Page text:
'Studies in the Old Testament'

Israel's monarchy begins! - 6

April 2019

(Continued from page 546)


Saul refuses to completely destroy the Amalekites


We learned earlier that the year was about 1048 B.C. when Saul began to construct his specialised army.  David was crowned king over Judah in 1010 B.C. at the age of thirty which means he was born in 1040 B.C., therefore, eight years before David was born, Samuel said to Saul,
"The Lord has sought out for Himself a man after His own heart."  This reminds us of Luke 1:14-171, where the angel of the Lord prophesied that John the Baptist would be the forerunner of Jesus "to turn the heart of the fathers to the children, and the disobedient to the wisdom of the just, to make ready a people Prepared for the Lord."  This promise was made before John was conceived. As Ephesians 2: 101 says, " We are his workmanship, created in Christ Jesus unto good works, which God hath before ordained that we should walk in them."

Chapter 13 contains interesting information from an archaeological perspective.  Since it was 1048 B.C., only seven years had elapsed since the battle of Mizpeh, when the Philistines were defeated after their forty year occupation of the land. Verse 19 says there were no black-smiths in the land because the Philistines had forbidden them so that the Hebrews could not make weapons. The army fought with weapons such as axes, ox goads, plough-shares, and pitchforks. Only Saul and Jonathan had swords, evidently as signs of their offices of king and prince.  Chapter 14 contains two important genealogies. In verse 31 we read:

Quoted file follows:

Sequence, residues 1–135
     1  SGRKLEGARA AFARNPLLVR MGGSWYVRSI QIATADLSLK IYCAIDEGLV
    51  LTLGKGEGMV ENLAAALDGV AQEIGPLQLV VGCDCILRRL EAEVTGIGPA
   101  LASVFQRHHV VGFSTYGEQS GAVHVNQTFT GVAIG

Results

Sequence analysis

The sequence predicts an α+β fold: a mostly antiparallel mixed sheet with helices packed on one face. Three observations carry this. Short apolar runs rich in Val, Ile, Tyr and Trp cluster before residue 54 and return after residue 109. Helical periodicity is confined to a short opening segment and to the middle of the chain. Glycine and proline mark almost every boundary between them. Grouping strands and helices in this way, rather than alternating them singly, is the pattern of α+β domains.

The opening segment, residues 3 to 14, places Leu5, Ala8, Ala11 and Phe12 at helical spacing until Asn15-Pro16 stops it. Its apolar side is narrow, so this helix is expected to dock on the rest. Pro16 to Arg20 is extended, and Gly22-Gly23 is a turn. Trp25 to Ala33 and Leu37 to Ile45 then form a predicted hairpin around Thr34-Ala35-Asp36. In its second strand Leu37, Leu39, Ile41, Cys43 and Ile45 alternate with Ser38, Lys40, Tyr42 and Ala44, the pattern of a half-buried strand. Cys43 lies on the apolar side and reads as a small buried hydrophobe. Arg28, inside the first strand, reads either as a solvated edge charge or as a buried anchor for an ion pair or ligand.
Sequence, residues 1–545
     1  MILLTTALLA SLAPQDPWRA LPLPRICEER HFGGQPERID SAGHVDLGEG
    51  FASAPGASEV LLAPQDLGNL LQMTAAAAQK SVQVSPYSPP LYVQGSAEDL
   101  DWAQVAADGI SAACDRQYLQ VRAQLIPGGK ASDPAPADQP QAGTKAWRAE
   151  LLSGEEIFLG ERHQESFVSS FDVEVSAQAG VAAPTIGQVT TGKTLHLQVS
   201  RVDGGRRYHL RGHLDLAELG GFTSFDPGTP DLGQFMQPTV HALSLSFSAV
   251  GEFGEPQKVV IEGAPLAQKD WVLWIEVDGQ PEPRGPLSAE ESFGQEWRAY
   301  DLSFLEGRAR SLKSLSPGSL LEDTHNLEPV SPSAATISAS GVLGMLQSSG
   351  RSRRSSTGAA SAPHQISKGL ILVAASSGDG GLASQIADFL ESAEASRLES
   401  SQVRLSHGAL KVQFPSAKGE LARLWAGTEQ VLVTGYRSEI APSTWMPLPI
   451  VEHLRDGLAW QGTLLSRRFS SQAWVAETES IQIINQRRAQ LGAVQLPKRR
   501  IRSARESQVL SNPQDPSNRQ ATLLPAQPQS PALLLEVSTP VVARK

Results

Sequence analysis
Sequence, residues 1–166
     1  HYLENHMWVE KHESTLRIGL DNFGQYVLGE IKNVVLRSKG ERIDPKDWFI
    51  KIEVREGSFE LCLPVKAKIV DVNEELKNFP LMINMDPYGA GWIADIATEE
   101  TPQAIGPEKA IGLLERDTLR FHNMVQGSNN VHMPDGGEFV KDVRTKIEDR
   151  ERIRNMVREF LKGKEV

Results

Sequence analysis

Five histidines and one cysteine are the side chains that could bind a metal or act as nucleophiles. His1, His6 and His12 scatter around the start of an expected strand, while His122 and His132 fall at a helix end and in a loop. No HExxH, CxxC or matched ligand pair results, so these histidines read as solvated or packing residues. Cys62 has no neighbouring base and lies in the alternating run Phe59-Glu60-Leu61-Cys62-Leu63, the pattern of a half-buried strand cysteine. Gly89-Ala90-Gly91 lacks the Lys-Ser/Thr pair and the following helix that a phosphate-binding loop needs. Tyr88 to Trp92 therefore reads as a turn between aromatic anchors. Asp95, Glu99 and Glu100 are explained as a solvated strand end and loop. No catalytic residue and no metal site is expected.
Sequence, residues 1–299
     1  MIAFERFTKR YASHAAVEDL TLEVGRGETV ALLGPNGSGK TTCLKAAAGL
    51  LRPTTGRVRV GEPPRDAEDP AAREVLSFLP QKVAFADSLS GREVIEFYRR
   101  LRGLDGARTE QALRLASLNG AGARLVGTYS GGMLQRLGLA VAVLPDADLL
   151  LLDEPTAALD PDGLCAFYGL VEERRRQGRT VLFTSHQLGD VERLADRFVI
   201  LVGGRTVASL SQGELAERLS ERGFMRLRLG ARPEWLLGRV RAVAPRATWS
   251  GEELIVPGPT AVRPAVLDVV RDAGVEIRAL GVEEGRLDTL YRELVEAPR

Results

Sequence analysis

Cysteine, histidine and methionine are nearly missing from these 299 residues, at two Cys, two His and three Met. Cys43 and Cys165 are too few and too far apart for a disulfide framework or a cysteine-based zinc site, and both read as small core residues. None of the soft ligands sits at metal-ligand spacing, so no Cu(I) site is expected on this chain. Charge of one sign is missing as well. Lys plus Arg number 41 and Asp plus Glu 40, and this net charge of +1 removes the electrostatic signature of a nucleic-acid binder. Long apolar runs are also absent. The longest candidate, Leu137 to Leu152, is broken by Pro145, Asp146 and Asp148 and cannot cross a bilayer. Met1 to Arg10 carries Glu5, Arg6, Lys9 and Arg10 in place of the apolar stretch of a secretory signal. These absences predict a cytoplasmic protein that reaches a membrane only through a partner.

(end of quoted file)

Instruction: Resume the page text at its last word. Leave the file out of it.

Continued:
"Ahiah, the son of Ahitub, Ichabod's brother, the son of Phinehas, the son of Eli, the Lord's priest in Shiloh, wearing an ephod."  From First Samuel 22:9-12, 20, we learn that Ahiah was a short form of Ahimelech.  Later we find that Abiathar, the son of Ahiah (or Ahimelech), served as priest for David.  The other important genealogy is in 14:49-50. Saul's sons were Jonathan, Ishvi, and Malchishua, by his wife Ahinoam (v50). The captain of his army was Abner, the son of Ner. In 9:1 we read that Abiel gave birth to Kish and Ner. Kish was the father of Saul and Ner was the father of Abner. So, Saul, and his commander-in-chief Abner, were first cousins.  In I Chronicles 8:33 we learn that Saul also had two additional sons, named Esh-baal and Ish-bosheth.  In I Samuel 14:47, there is a summary of all the battles which took place during the next twenty-two years, making a gap of twenty-two years between 14:52 and 15:1.  We can therefore date chapter 15 at 1026 B.C. and this is when we read the details of Saul's four tragic sins which brought about God's censure and judgement on his life and his kingdom.  We can understand it more fully by examining the historical background from Deuteronomy 25:191:

"Therefore it shall be, when the Lord thy God hath given thee rest from all thine enemies round about in the land which the Lord thy God giveth thee for an inheritance to possess it, that thou shalt blot out the remembrance of Amalek from under heaven; thou shalt not forget it."